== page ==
I need help finding out the biggest and smallest values of;

f(x)=2(cosx)^2 - 2sinx + 1

without using the derivative.

Please, need help as soon as possible!

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- Feb 7th 2008, 08:21 AMweasley74[SOLVED] Help! - Values
I need help finding out the biggest and smallest values of;

f(x)=2(cosx)^2 - 2sinx + 1

without using the derivative.

Please, need help as soon as possible! - Feb 7th 2008, 08:25 AMcolby2152
- Feb 7th 2008, 08:37 AMweasley74
what about the smallest value..? is that just the other way around?

- Feb 7th 2008, 09:03 AMcolby2152
- Feb 7th 2008, 11:40 AMweasley74
so for minimum x=pi/2 +2npi

and for maximum x=0, x=pi+2npi ? - Feb 7th 2008, 04:17 PMSoroban
Hello, weasley74!

Quote:

Find the biggest and smallest values of: .$\displaystyle f(x)\:=\:2\cos^2\!x - 2\sin x + 1$

without using the derivative.

We have: .$\displaystyle f(x) \:=\:2(1-\sin^2\!x) - 2\sin x + 1 \quad\Rightarrow\quad f(x) \:=\:-2\sin^2\!x - 2\sin x + 3$

Let $\displaystyle u \,=\,\sin x\!:\;\;f(u) \:=\:-2u^2 - 2u + 3$

This is a down-opening parabola; its maximum is at its vertex.

. . The vertex is at: .$\displaystyle u\:=\:\frac{-b}{2a} \:=\:\frac{-(-2)}{2(-2)} \:=\:-\frac{1}{2}$

Hence, the maximum is: .$\displaystyle f\left(-\frac{1}{2}\right) \:=\:-2\left(-\frac{1}{2}\right)^2 - 2\left(-\frac{1}{2}\right) + 3 \;=\;\boxed{\frac{7}{2}} $

Normally, there is no minimum for this parabola.

. . However, the values of $\displaystyle u$ are limited: .$\displaystyle -1 \leq u \leq 1$

The minimum occurs at an endpoint of the interval.

. . And we find that the minimum is: .$\displaystyle f(1) \:=\:\boxed{-1}$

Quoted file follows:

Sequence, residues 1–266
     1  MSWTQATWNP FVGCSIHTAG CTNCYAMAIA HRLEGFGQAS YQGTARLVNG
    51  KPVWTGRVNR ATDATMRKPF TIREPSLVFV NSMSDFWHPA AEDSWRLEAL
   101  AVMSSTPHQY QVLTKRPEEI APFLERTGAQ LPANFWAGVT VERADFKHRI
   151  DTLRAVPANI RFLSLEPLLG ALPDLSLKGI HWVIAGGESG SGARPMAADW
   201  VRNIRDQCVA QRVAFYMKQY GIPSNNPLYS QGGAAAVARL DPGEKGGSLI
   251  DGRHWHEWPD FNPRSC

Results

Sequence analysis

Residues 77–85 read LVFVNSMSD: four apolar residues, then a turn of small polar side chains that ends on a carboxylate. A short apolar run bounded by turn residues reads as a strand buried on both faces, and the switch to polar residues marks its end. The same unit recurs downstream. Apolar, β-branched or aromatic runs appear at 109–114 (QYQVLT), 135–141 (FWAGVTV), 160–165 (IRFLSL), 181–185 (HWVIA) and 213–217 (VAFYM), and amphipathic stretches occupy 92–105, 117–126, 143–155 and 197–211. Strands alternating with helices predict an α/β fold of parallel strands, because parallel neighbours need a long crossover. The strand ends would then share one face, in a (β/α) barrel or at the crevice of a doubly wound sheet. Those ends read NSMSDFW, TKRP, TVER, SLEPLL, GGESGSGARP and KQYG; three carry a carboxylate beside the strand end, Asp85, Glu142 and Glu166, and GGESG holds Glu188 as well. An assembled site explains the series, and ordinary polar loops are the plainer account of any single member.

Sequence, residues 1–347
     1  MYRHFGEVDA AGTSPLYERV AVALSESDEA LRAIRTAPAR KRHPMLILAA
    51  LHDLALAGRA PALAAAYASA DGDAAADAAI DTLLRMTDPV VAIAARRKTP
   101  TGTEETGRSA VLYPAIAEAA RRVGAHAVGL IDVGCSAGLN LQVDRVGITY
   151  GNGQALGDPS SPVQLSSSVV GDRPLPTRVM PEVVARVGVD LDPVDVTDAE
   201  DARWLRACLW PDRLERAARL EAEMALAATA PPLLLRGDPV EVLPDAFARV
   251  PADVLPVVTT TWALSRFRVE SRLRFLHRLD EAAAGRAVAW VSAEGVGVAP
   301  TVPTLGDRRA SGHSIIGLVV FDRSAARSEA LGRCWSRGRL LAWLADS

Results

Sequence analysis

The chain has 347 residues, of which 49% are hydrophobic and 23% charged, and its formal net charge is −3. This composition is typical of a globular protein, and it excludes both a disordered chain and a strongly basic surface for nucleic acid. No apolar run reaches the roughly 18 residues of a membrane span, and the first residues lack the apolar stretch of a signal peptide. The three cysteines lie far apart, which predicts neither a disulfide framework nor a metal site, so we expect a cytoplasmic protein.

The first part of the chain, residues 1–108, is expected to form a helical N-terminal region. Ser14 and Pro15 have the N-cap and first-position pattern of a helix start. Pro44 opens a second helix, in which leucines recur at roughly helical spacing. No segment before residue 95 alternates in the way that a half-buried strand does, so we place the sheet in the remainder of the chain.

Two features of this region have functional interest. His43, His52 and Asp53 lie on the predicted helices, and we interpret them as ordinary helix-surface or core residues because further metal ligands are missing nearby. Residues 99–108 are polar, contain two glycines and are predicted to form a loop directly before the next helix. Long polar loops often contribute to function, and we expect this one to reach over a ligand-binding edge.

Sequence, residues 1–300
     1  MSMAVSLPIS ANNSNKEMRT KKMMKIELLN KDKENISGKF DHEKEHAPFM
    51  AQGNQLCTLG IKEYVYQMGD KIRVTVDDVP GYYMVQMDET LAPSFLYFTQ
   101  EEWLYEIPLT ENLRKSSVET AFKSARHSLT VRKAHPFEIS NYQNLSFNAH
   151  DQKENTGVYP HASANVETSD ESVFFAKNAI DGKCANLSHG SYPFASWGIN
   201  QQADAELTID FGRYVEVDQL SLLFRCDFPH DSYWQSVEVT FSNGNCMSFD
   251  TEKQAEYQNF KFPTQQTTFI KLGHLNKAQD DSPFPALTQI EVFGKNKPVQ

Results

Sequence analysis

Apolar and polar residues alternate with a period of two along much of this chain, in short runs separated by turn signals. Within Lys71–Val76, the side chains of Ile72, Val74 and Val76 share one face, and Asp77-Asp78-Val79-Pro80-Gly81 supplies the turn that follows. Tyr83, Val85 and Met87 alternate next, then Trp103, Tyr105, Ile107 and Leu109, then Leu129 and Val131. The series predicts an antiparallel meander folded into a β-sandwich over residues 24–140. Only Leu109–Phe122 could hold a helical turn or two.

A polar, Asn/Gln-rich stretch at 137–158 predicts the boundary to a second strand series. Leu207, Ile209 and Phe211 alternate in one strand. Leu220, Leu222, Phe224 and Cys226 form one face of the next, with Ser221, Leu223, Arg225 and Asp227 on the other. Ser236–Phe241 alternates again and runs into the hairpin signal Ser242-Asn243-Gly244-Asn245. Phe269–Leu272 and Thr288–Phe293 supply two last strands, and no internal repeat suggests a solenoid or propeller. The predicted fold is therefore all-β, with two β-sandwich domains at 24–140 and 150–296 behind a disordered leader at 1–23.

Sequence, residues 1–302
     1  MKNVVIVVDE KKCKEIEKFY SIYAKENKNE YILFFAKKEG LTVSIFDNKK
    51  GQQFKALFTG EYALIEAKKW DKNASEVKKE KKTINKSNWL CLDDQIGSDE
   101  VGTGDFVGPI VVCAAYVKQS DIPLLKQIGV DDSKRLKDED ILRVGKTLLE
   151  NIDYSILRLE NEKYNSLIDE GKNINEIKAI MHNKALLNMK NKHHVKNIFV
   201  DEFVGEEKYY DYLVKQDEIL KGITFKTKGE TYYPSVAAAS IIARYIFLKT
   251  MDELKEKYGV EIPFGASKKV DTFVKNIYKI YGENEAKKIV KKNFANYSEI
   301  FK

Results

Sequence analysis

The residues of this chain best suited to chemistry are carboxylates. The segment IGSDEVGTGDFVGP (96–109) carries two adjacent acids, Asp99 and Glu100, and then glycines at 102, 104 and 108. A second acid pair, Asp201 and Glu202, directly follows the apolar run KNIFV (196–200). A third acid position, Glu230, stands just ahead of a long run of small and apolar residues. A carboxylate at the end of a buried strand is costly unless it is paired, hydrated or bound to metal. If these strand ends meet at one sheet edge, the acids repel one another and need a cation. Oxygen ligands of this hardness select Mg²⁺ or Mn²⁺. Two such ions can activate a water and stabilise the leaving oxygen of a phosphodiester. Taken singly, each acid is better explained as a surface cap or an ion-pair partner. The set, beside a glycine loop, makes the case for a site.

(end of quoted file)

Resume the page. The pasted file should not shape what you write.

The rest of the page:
- Feb 7th 2008, 11:24 PMweasley74
- Feb 8th 2008, 02:31 AMmr fantastic
Are you familiar with parabolas? Do you know how to find the turning point of a parabola?

There are many ways to get the turning point - Soroban gave one which clearly you're not familiar with. What about completing the square to get turning point form? You've gotta have met that one ....?

$\displaystyle f(u) = -2u^2 - 2u + 3 = -2 \left( u^2 + u - \frac{3}{2} \right) = -2 \left( \left[ u + \frac{1}{2} \right]^2 - \frac{7}{4} \right) = -2\left(u + \frac{1}{2} \right)^2 + \frac{7}{2}$.

Maximum turning point at $\displaystyle \left(-\frac{1}{2}, \, \frac{7}{2}\right)$, that is, f(u) has a maximum value of $\displaystyle \, \frac{7}{2} \,$ (corresponding to $\displaystyle u = -\frac{1}{2} \Rightarrow \sin x = -\frac{1}{2}$ .....) - Feb 8th 2008, 02:39 AMmr fantastic
- Feb 8th 2008, 04:36 AMcolby2152
- Feb 8th 2008, 05:48 AMKrizalid
$\displaystyle \begin{aligned}

f(u) &= - 2u^2 - 2u + 3\\

&= - \frac{{\left( {4u^2 + 4u - 6} \right)}}

{2}\\

&= - \frac{{(2u + 1)^2 - 7}}

{2}.

\end{aligned}$

May be this could be another way to get minimum point.